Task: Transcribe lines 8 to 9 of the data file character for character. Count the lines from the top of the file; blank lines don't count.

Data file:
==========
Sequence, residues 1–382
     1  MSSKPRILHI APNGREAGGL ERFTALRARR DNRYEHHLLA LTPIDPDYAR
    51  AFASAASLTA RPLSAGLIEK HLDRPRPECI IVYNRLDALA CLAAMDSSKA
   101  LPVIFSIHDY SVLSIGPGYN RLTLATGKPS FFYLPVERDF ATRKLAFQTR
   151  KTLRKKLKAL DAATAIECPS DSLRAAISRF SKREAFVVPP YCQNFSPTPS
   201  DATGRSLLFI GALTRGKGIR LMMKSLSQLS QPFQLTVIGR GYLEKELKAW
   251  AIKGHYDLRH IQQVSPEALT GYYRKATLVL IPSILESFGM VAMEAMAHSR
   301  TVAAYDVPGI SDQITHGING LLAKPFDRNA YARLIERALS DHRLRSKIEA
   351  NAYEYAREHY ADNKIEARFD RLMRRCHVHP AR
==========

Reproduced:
   301  TVAAYDVPGI SDQITHGING LLAKPFDRNA YARLIERALS DHRLRSKIEA
   351  NAYEYAREHY ADNKIEARFD RLMRRCHVHP AR